Bloomberg News: a great source on the fluctuating world oil market

By on Feb 22 2013

Bloomberg has great reporting on the energy markets and we highly recommend using their service as a information tool. Read below for an an example of their reporting, which includes a summary of the factors affecting current oil prices including increased business confidence in Germany, a stockpile surplus in the US, and a consistently unsteady world economy that heavily influence futures.

Bloomberg Report: Click here or read below.

West Texas Intermediate oil fluctuated in New York as German business confidence climbed to a 10-month high and U.S. crude inventories rose to the highest level since July.

Futures gained as much as 0.7 percent as the Munich-based Ifo institute's business climate index climbed, signaling that Europe's largest economy is gathering strength. Oil tumbled yesterday after the Energy Information Administration said U.S. crude supplies rose 4.14 million barrels last week to 376.4 million. The selloff brings prices in line with underlying fundamentals, Jeffrey Currie, Goldman Sachs Group Inc.'s head of commodities research in New York, said in a report.

The market is refocusing on the economy after the bloodbath of the last couple days, " said Gene McGillian, an analyst and broker at Tradition Energy in Stamford, Connecticut. The German investor confidence numbers were better than expected, supporting the market today. The market is going to be batted back and forth on the latest economic headlines. "

Crude oil for April delivery fell 16 cents to $92.68 a barrel at 9:23 a.m. on the New York Mercantile Exchange. The contract ended at $92.84 yesterday, the lowest settlement since Dec. 31. Futures are down 3.3 percent this week. The volume of all futures traded was 5.5 percent above the 100-day average for the time of day.

Brent Gains

Brent oil for April settlement climbed 70 cents, or 0.6 percent, to $114.23 a barrel on the London-based ICE Futures Europe exchange. Prices are heading for a 2.9 percent drop this week. The volume was 12 percent lower than the 100-day average.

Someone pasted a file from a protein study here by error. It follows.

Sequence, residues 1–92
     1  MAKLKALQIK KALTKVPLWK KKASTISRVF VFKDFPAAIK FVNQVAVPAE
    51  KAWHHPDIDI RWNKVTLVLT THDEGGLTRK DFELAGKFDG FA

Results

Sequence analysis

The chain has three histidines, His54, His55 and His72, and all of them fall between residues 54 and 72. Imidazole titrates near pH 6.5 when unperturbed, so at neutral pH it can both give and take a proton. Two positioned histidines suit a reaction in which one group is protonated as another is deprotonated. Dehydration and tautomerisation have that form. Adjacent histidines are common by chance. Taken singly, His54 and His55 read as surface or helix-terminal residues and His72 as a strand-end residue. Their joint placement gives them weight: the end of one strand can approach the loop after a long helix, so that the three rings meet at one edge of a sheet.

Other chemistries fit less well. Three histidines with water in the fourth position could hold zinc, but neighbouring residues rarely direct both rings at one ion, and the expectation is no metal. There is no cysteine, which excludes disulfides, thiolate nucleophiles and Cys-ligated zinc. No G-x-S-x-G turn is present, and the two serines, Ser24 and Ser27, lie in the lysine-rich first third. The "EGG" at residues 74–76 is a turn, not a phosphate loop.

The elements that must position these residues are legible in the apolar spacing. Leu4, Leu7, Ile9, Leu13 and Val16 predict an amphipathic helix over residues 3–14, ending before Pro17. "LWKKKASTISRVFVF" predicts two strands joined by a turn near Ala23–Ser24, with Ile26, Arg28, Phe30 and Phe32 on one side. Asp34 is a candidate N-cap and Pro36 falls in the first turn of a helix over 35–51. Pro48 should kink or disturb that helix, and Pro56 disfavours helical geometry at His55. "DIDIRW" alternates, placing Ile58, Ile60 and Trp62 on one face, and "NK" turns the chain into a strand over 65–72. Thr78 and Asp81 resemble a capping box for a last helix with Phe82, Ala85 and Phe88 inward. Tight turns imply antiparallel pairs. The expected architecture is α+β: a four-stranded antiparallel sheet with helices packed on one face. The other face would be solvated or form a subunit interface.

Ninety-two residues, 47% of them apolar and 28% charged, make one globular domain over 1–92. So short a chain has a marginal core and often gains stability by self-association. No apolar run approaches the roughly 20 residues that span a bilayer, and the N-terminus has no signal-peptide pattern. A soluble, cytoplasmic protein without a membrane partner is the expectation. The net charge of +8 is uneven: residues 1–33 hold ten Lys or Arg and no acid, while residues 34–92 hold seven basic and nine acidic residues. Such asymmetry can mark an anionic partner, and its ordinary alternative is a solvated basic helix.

The European benchmark crude grade traded at a $21.55 premium WTI. The gap expanded to $23.18 on Feb. 8, the widest since Nov. 26.

Ifo's business climate index, based on a survey of 7,000 executives, climbed to 107.4 from 104.3 in January. Economists predicted an increase to 104.9, according to the median of 38 forecasts in a Bloomberg News survey.

The current selloff in oil is bringing prices more in line with the underlying fundamentals, " Currie said in the report dated yesterday.

Gasoline inventories decreased 2.9 million barrels last week, the EIA said yesterday. They were projected to fall 900,000 barrels in a Bloomberg survey. Distillate stockpiles, including heating oil and diesel, slid 2.3 million barrels, compared with a predicted 1.8 million decline.

Moving Averages

Futures in New York may decline after breaching support at the 50-day moving average, according to a technical analysis by Bill Baruch, a senior market strategist at in Chicago. The April contract may move toward the 200-day moving average around $92.22 a barrel, he said. It settled yesterday below the 50-day mean for the first time since Dec. 18.

Oil in New York may fall next week, a Bloomberg survey showed. Twenty of 30 analysts and traders, or 67 percent, forecast crude will drop through March 1. Five respondents, or 17 percent, predicted a gain. Five said there would be little change. Last week, 48 percent of those surveyed projected a decrease.

To contact the reporter on this story: Mark Shenk in New York at

To contact the editor responsible for this story: Dan Stets in New York at

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